• Vaccines: It is safe to have most vaccines, including the flu vaccine, while you are taking prednisone. Protecting yourself against infection is important because prednisone suppresses your immune system. However, vaccination with ‘live vaccines’, such MMR (measles, mumps, rubella) or shingles vaccine, should be postponed. Ask your doctor for advice before you have any vaccines while you are taking prednisone.  

Like all medicines, prednisone can cause side effects, although not everyone gets them. Most side effects are related to the dose you are taking and how long you are taking prednisone for. Read more about taking steroids long term.

Changes in behaviour and mood

Prednisone, especially in high doses, can cause changes in personality, behaviour and mood, such as:

  • irritability, agitation and restlessness
  • sleep problems (insomnia) and nightmares
  • mood swings and aggression
  • low mood, depression and even suicidal thoughts.

These symptoms typically develop within a few days of starting prednisone, but they can occur at any time, including after stopping treatment. 

While these symptoms often go away when your dose is reduced or prednisone is stopped, stopping prednisone must be done under the guidance of your doctor. Stopping too quickly can make these symptoms worse. You are at higher risk of mood and behaviour changes if you have previously had similar reactions to steroids (corticosteroid-induced psychosis), or if you have a personal or family history of psychiatric disorders.  

If you have changes in mood and behaviour, especially depression and suicidal thoughts, tell your doctor immediately or phone Healthline 0800 611 116. 

Other side effects

Side effects What should I do?
  • Difficulty sleeping
  • Take prednisone in the morning or at least 3 hours before bedtime.
  • Headache
  • Muscle weakness, feeling tired
  • These are quite common when you first start taking prednisone and usually go away with time.
  • Tell your doctor if troublesome.
  • Increased appetite 
  • Prednisone increases your appetite.
  • Follow a healthy, balanced diet to maintain your weight.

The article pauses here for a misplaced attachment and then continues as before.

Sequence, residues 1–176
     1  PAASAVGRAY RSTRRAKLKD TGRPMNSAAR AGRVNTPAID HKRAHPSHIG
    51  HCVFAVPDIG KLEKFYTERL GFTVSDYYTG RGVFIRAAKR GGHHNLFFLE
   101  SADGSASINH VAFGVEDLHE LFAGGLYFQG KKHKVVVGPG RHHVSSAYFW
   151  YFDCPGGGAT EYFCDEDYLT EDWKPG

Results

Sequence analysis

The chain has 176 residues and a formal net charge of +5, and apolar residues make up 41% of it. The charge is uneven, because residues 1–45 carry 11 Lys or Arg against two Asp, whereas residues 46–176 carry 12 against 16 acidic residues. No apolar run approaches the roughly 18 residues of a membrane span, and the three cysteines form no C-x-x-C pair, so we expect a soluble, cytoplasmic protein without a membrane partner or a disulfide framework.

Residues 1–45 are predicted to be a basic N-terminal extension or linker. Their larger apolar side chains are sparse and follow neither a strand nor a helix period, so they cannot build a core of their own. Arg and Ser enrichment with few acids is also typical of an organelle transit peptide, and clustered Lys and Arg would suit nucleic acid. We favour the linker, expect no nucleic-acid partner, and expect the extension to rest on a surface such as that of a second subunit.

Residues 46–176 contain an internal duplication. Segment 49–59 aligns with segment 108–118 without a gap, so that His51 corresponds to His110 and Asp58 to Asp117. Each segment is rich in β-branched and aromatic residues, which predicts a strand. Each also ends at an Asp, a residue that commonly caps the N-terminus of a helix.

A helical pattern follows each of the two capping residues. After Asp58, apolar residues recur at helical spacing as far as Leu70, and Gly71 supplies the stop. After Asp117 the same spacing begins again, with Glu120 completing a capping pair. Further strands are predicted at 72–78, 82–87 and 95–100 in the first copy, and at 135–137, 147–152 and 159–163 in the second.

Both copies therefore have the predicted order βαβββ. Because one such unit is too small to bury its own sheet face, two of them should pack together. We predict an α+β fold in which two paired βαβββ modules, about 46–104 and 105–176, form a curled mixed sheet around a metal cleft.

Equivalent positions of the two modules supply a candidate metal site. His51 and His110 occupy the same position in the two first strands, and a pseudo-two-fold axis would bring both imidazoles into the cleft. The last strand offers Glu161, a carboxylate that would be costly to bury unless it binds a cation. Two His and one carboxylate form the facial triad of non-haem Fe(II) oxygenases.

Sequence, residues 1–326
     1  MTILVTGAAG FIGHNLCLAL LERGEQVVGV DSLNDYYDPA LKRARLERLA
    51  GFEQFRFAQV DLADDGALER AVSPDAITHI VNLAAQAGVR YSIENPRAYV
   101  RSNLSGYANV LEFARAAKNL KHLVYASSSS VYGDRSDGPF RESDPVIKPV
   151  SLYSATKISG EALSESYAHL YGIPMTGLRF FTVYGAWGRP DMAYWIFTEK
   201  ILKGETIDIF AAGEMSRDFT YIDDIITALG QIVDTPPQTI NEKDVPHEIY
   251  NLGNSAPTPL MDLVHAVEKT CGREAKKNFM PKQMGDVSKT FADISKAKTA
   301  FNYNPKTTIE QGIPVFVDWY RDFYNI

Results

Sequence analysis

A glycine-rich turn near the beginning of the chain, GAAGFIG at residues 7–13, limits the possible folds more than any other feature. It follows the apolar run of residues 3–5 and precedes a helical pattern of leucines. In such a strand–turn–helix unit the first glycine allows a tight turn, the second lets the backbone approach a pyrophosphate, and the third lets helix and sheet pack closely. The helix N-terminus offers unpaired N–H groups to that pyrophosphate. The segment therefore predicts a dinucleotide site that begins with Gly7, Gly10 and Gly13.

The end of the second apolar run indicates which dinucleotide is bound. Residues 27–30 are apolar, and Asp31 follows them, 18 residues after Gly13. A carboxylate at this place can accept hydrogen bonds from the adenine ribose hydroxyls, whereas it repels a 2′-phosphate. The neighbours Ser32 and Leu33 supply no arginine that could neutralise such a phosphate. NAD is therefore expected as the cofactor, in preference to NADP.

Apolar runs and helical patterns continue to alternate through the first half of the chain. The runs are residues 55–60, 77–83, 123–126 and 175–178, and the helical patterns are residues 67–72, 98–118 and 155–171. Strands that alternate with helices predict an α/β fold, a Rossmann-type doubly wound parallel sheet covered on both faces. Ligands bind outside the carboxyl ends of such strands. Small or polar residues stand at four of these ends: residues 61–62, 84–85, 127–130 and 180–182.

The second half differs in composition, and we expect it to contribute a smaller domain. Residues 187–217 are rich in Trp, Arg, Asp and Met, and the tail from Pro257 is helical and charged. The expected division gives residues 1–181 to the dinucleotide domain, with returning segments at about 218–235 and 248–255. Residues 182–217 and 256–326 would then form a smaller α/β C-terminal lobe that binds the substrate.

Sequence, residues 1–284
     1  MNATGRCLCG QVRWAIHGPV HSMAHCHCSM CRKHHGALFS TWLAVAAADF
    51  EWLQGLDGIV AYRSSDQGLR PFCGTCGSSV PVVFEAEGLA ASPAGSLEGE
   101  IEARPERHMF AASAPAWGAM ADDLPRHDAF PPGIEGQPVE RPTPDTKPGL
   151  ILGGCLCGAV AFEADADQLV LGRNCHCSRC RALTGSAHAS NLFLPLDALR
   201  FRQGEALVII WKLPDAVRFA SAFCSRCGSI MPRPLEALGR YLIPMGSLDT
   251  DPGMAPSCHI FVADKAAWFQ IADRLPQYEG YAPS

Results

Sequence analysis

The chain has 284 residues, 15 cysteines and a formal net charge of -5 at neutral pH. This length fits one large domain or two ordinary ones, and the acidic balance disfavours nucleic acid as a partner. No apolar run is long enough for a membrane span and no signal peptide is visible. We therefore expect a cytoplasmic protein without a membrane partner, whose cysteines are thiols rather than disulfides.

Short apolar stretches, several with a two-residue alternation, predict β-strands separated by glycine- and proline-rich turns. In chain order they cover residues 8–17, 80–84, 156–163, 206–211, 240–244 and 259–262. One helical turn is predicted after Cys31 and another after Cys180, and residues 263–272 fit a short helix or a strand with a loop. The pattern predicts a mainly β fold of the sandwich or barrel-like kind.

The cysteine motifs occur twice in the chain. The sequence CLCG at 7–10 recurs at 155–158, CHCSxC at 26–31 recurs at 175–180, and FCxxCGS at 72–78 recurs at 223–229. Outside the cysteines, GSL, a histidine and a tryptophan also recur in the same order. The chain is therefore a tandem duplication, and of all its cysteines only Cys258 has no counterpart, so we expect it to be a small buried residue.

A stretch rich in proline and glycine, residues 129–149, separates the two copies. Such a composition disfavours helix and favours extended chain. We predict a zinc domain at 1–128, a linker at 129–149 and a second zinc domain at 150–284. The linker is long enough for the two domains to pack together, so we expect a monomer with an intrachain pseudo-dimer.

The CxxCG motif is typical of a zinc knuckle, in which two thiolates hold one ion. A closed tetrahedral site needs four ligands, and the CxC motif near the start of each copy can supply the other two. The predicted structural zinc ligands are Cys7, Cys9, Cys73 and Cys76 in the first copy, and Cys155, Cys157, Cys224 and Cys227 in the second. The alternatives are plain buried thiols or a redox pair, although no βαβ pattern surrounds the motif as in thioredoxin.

• Develop an eating schedule and stick to it. 
  • Fluid retention causing swollen ankles and feet
  • Whenever possible, sit with your feet raised.
  • Avoid foods with high salt content.
  • Tell your doctor if this happens.
  • Raised blood glucose
  • Prednisone can cause an increase in blood glucose.
  • If you have diabetes, you may need to increase the dose of your diabetes medicine to control your blood glucose. Talk to your doctor about this.
  • Prednisone can also cause the onset of diabetes in people who are at risk of diabetes. Your doctor will monitor your blood glucose levels regularly.  
  • Eye pain and changes to your vision
  • Tell your doctor immediately or phone Healthline 0800 611 116.
  • Problems with your stomach such as pain, blood in your stool (poo) or dark coloured stool (poo)
  • Tell your doctor immediately or phone Healthline 0800 611 116.
Did you know that you can report a side effect to a medicine to CARM (Centre for Adverse Reactions Monitoring)? Report a side effect to a product(external link)

The following links have more information on prednisone.

Prednisone(external link) RheumInfo
Prednisone(external link) (te reo Māori(external link)) NZ Formulary Patient Information


  1. Prednisone(external link) NZ Formulary
  2. Glucocorticoid therapy(external link) NZ Formulary
  3. Prednisone treatment – follow dosing recommendations(external link) Medsafe, NZ, 2021

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Credits: Sandra Ponen, Pharmacist, Healthify He Puna Waiora. Healthify is brought to you by Health Navigator Charitable Trust.

Reviewed by: Angela Lambie, Pharmacist, Auckland